The benefits of the internet apply equally to everyone, including individuals who commit unlawful acts such as software piracy, virus releases, identity theft, espionage, the sale of child pornography, illegal weapons, and controlled substances. Online stores can be hosted and registered anywhere in the world, advertising, selling, and delivering products internationally with relative anonymity and convenience – and with little regard for the laws of other countries. The United States Controlled Substances Act (CSA) prohibits the sale of Schedule I drugs such as marijuana, heroin, psilocybin, crack cocaine, and ecstasy and regulates access to Schedule II-V drugs including analgesics, sedatives, stimulants and steroids by requiring a valid prescription from an appropriately licensed healthcare professional [8]. Many countries have drug policies that differ from those of the United States, or have similar laws but less enforcement.

Individuals wishing to sell drugs such as opioid medications to customers in the United States can do so through NPWs registered and operated outside the U.S. Such websites can be identified through internet searches using terms such as Vicodin or no prescription. Internet search engines such as Google enable customers of any age to purchase opioids from an international network of online pharmacies. In 2004, the National Center on Addiction and Substance Abuse (CASA) [9] identified 147 anchor web sites that offered sales of Schedules II – IV controlled prescription drugs without a prescription during a one-week investigation and only 10 websites that required prescription verification. In a 2006 update to this study, CASA [10] reported that the number of anchor sites selling Schedule II-IV controlled prescription drugs had grown to 165, while the number of sites requiring prescriptions had increased to only 20. Forman [11] published data indicating that the majority of links obtained in a Google search using the term “no prescription codeine” yielded websites offering to sell prescription opiates without a prescription. In a later report, Forman [12] noted that this availability remained consistent over a one-year period, and that websites offering to sell steroids, sedatives, stimulants, ketamine, coca leaves, marijuana, and a wide range of other controlled substances were readily available. In December 2003, Google issued a press statement announcing it would no longer accept advertisements from unlicensed, “rogue” pharmacies though they would continue ranking and including NPWs in search results [13, 14].

Because it is illegal to purchase prescription opioids and other controlled substances without prescription, there is limited data on the actual delivery rate of NPWs. However, the U.S. General Accounting Office (GAO) conducted an investigation in which they attempted to purchase prescription drugs without a prescription. In total, the GAO investigators placed 90 orders for prescription drugs without prescription; of these orders 45 (50%) were filled. The GAO purchased a wide range of prescription medications, including 11 purchases of opioids. Of the 11 attempted purchases of opioid medications (including hydrocodone and oxycodone), 10 (94%) were delivered [15].

On July 30, 1999, U.S. Deputy Attorney General Ivan Fong testified before the Subcommittee on Oversight and Investigations, Commerce Committee, United States House of Representatives, that “…online pharmacies allow consumers to purchase prescription drugs without any pretense of a prescription” and that these websites introduce “potential risks to public health and safety” [16]. A week later the White House issued Executive Order 13133 [17] creating the “Working Group on Unlawful Conduct on the Internet” leading to the publication of “The Electronic Frontier” [18]. The Drug Enforcement Administration (DEA) subsequently published guidance [19] which specified four conditions under which legal prescriptions can be issued over the internet: a) A patient presents a medical complaint; b) A medical history is obtained; c) A physical examination is performed; and d) Some logical connection exists between the medical complaint, the medical history, the physical examination, and the drug prescribed. Prescriptions based on telephone interviews or online questionnaires are not considered valid. In support of these guidelines, the American Medical Association subsequently issued guidance for physicians on internet prescribing that largely parallels the DEA’s position [20].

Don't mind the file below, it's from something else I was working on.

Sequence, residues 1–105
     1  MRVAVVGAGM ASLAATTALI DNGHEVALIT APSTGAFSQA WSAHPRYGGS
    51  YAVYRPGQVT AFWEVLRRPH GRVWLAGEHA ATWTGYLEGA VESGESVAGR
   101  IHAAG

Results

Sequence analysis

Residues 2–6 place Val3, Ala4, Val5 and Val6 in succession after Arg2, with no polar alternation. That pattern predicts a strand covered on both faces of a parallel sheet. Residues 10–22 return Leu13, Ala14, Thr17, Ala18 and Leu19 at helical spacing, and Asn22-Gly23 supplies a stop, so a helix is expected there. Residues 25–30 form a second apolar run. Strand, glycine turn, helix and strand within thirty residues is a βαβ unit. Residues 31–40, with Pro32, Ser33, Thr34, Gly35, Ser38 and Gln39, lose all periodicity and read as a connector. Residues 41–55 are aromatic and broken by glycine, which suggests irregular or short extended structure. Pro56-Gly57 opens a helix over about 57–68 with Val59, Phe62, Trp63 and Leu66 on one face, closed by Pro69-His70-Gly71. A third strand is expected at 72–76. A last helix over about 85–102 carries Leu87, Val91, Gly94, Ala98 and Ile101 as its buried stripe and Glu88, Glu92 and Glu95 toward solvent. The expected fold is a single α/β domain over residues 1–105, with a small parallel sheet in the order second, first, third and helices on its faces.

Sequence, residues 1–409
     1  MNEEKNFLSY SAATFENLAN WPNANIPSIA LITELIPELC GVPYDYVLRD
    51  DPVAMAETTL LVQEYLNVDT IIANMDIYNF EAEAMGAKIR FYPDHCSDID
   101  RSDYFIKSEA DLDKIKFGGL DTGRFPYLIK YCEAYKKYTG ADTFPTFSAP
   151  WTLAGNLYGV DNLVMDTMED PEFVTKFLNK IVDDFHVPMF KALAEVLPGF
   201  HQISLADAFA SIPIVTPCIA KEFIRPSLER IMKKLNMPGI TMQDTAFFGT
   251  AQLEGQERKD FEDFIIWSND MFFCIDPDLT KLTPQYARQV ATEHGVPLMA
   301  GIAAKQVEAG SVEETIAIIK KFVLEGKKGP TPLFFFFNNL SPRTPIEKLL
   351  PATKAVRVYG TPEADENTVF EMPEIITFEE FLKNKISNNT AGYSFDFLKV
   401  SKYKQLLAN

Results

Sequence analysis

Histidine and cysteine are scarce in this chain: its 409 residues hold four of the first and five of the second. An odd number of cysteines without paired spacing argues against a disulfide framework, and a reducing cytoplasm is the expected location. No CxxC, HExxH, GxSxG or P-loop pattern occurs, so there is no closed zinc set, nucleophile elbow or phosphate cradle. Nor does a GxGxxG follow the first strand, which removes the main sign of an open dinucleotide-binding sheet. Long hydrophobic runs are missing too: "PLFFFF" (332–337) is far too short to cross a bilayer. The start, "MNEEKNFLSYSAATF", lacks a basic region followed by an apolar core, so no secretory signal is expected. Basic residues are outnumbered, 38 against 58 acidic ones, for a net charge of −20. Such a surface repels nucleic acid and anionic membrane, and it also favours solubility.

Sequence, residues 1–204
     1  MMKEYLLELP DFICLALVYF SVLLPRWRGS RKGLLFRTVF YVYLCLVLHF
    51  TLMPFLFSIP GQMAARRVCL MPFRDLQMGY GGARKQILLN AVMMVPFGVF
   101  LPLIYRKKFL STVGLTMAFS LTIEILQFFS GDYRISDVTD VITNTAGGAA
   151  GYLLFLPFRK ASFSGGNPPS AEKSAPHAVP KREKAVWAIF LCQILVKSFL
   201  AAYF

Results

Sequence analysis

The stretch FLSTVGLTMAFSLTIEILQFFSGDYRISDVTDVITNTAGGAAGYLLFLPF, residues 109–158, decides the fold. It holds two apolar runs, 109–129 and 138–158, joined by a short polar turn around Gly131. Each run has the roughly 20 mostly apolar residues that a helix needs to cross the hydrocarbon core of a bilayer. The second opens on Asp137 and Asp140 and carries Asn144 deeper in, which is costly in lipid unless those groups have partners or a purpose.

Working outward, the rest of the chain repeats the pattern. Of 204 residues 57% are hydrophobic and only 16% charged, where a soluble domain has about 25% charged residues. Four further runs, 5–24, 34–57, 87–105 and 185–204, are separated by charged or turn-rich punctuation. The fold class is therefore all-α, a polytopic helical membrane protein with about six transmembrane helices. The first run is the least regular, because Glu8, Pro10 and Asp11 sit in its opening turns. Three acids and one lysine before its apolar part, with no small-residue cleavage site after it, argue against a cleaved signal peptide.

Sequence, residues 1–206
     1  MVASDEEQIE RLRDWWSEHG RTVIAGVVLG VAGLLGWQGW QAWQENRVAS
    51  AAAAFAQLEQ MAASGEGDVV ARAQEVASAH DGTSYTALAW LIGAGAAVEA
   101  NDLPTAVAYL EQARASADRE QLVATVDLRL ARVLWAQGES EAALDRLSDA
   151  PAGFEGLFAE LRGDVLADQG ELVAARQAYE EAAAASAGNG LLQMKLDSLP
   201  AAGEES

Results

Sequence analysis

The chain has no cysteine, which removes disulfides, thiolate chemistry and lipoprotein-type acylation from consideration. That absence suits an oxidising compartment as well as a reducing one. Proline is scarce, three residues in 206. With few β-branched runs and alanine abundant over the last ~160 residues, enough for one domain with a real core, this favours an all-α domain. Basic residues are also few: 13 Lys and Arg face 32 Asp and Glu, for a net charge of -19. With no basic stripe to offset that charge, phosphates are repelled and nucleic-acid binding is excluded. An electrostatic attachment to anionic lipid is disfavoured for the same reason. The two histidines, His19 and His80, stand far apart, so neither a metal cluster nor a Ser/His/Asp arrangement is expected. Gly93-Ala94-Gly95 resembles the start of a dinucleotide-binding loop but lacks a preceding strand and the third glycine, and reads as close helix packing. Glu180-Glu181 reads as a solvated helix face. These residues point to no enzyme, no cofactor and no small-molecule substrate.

Since 2001, the sale of controlled substances over the internet has been cited in U.S. Justice Department reports [21, 22, 23] and has led to criminal investigations for non-prescription drugs such as ecstasy, gamma hydroxyl butyrate (GHB) and methamphetamines, [24, 25, 26, 27] and the illicit sale of prescription drugs online [28, 29, 30, 31, 32]. Similarly, the U.S. Food and Drug Administration (FDA) has provided testimony [33], and reports [34, 35, 36, 37] on the risks of online prescription practices and, in conjunction with U.S. Customs, the FDA participated in an investigation of illicit prescription drug sales originating overseas [38]. On March 1, 2004, the White House Office of National Drug Control Policy (ONDCP) issued the 2004 National Drug Control Strategy Update [39] which for the first time described plans to monitor illicit internet drug offers. Concurrent with the issuance of this strategy update, ONDCP issued a press release [40] entitled “U.S. Drug Prevention, Treatment, Enforcement Agencies Take on ‘Doctor Shoppers,’ ‘Pill Mills’” and a fact sheet entitled “Reducing Prescription Drug Abuse” [41] both of which announce initiatives to stop illicit online prescription drug sales. Subsequently in 2005 and 2006 updates to the national drug control strategy, the ONDCP announced that the focus of its efforts in halting prescription drug abuse would be in preventing the diversion of prescription drug through support of state-level Prescription Drug Monitoring Programs [42, 43].